Politics, Despair and Earthquakes

How shaky is the ground we stand on - how fragile the rock we call security?  One moment we pretend we’re masters of the universe - the next we’re vulnerable animals caught between the forces of destruction and creation.
One of the victims of the Kaikoura Earthquake NZ (photo Stuffnz)
The last couple of weeks have all been too much - the uncertainties of Brexit;  then the swingeing welfare changes which will affect all of us - particularly those of us of a certain age becoming dependent on pensions;  the destructive NHS cuts which, in our remote rural area, will close hospitals, and reduce GPs and social services, - this in a region where the ambulance service is short of 29 paramedics and achieves none of its NHS target times - not even Code Red.  It can take over an hour for an ambulance to reach you and more than that to get you to a hospital.
A demonstration against closure of one of our local hospitals.
On Thursday I visited a university where mature student intake is down nearly 90% since the fees hike, and where care assistants, who once came to get a degree and upgrade to nursing staff, are no longer doing so because of the removal of the training bursary. The lack of investment in education, re-education, and training for a twenty first century workforce is clear for everyone to see.  Except, it seems, the government.

Jeremy Hunt - Much of the NHS has already been privatised, we just haven't been told.
Then add into that the devastating result of the US election, where - let’s not mince words - a proven liar, morally flawed, predatory, apparently ignorant, misogynistic, racist, white male was elected to one of the world’s highest offices - and I almost gave up then and there.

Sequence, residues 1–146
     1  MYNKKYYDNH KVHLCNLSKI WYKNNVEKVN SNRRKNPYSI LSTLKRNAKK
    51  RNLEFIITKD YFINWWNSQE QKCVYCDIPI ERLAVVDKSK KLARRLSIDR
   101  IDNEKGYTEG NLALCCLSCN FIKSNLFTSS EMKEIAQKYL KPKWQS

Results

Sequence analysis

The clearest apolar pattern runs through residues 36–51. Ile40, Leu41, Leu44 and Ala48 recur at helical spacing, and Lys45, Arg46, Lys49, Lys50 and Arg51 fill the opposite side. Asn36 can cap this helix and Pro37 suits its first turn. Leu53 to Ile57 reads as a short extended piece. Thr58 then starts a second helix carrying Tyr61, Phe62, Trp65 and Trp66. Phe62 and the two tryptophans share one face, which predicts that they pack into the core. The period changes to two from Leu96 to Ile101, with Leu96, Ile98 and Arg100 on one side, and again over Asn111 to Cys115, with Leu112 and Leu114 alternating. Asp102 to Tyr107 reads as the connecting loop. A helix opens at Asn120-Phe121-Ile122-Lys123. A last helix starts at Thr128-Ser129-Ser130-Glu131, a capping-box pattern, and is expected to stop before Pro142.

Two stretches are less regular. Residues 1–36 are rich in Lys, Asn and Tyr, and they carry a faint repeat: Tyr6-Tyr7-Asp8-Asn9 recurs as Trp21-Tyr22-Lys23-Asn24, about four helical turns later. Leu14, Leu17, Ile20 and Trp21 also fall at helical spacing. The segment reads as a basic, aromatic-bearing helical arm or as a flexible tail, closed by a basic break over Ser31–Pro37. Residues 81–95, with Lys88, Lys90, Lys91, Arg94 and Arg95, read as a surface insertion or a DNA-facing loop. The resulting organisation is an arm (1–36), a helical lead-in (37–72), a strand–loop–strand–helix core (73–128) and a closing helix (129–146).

The sense of despair was acute.  I’m not in favour of voting for a woman simply because she’s a woman (I certainly wouldn’t vote for Theresa May!) And I’m no fan of Hillary Clinton. And before I get savaged by my Sisters - not because she got her emails in a twist, but because she is a (passionate) advocate of the neo-liberal political ideology that has (frankly) f****d the world.  We’ve had it with Big Oil, Big Pharma, and the Corporate agenda.  It’s got us where we are now and that’s not a good place.
Hillary Clinton - dignified even in defeat

But Hillary was a far, far, more qualified, experienced and deserving candidate for the job than her rival.  And it was misogyny, vindictiveness, anger and frustration that brought her down, rather than logical political argument about ideology. That's tragic.

What we seem to be witnessing is a revolution  - the politics of nihilism, where an old, corrupt and self-serving political society is torn down by the struggling masses underneath without any regard for the consequence. We don’t take to the barricades with guns these days (at least not yet) but the result is the same.  Chaos.

And then to round off my week, a massive earthquake has struck New Zealand where my daughter lives with her family and where I have many friends affected by it.  Phone lines, down, power out, tsunami warnings and hours of anxious waiting and watching the news feed on the internet.
Lorry trapped on the road.  Parts of  South Island rose by between 2 and 4 metres.
These are a couple of weeks I don’t want to live twice.  I wish I could say ‘Beam me up Scottie!’ but the only Star Ship Enterprise that’s around is one dedicated to turning the world into a giant consumer-driven Corporation.  And its CEO has a name beginning with T.


  1. Young people taking the American government to court for not heeding global warming is a hopeful sign, and as you said hope it is all that's left in the bottom of Pandoras box. The young are going to have to fight for their future if thyey are to have one.

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  3. It's not just the young - I believe passionately that we need to fight for their future too (considers chaining self to railings).


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